Hello world, welcome to R/metaverse!
You’re probably wondering what
metaverse is. Basically,
metaverse is an R package that acts like
tidyverse; it imports a set of R packages that work together to deliver a set of related tools. While packages that are part of the
tidyverse provide tools for data cleaning, modelling and visualisation,
metaverse packages all relate to ‘evidence synthesis’, which is the process of summarizing scientific information for improved policy or practice. Evidence synthesis incorporates a range of methods including systematic review and meta-analysis, and is increasingly important in a range of fields of research.
metaverse needed? After all, there is already a very effective CRAN task view on meta-analysis. There are a few answers to this.
First is that - as with
metaverse is opinionated. There are hundreds of meta-analysis packages on CRAN, and this makes it difficult to determine which are the best ones to use, especially for new users. The goal of metaverse is to provide a smaller number of packages that users can rely on, and that work together in a fairly seamless manner. Therefore,
metaverse isn’t intended to cover all the needs of every advanced user. Instead, it will be a standardised starting point from which people can branch out as needed.
Second, although R has a lot of meta-analysis packages, it remains difficult to run an evidence synthesis project entirely within R. There are many stages of the process - from searching for literature in a consistent way, to screening out irrelevant information, to extracting results for meta-analysis - that have only recently become possible in R, and others that remain impossible. Therefore, one goal of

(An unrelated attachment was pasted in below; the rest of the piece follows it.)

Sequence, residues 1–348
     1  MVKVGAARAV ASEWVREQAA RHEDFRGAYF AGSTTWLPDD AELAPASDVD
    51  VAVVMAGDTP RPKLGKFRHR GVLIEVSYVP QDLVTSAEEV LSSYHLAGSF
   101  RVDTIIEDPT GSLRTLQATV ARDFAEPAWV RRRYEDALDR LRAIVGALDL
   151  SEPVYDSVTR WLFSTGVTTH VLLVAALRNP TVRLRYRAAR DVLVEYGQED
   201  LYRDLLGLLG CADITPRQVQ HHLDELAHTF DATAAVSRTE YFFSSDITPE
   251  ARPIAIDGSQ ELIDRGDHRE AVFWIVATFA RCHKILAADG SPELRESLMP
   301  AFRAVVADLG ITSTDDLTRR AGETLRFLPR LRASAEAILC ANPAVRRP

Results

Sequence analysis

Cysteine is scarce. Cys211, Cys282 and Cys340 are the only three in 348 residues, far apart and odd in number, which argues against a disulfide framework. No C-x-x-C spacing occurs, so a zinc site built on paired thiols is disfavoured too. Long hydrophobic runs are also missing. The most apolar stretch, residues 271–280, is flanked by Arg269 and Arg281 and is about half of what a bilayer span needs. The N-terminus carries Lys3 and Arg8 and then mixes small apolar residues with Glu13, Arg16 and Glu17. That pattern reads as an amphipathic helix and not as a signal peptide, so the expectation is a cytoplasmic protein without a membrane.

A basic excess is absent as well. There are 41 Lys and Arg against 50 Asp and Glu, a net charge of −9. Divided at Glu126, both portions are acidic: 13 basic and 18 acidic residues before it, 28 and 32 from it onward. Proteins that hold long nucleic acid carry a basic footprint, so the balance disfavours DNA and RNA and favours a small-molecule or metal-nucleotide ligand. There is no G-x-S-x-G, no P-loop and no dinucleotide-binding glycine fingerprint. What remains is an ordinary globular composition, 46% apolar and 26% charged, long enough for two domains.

metaverse is to develop new packages that allow a complete, start-to-finish workflow.
Third, the meta-analysis infrastructure in R is fairly individualistic, and it would be nice to develop a community of practice that could work together to make R packages that function cohesively. Therefore, our final goal is to facilitate community discussions what meta-analytic tools are needed and how they should work.
Of course, achieving all of these goals is a large task, and getting
metaverse the stage where it achieves these milestones will take some time. However, we are confident that this can be achieved because of the excellent support we have received so far, both from individual developers, and from funding organisations. Particularly important has been funding from the R Consortium, who have funded dedicated developer time to expand the codebase for
metaverse. Also invaluable has been funding from the Evidence Synthesis Hackathon series, which allowed us to bring together a development team to build the
metaverse prototype in April of this year. As the project expands we hope to bring in additional sources of funding to ensure that we can continue our work.
That’s all for now, but we’ve got a lot of stuff planned, including aiming for a CRAN-ready version of
metaverse by December 2019. Until then, feel free to check the GitHub repo for updates, or check back here again soon!